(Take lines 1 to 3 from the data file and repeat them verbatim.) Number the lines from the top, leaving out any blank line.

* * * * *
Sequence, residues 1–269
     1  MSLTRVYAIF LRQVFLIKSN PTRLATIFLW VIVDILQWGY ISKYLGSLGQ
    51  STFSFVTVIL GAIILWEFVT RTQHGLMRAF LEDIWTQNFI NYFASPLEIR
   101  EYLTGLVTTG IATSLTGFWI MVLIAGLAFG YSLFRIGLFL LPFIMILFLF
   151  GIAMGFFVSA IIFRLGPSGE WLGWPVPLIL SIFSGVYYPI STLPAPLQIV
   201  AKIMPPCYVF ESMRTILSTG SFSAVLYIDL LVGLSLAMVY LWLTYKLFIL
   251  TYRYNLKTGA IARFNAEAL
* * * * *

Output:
Sequence, residues 1–269
     1  MSLTRVYAIF LRQVFLIKSN PTRLATIFLW VIVDILQWGY ISKYLGSLGQ
    51  STFSFVTVIL GAIILWEFVT RTQHGLMRAF LEDIWTQNFI NYFASPLEIR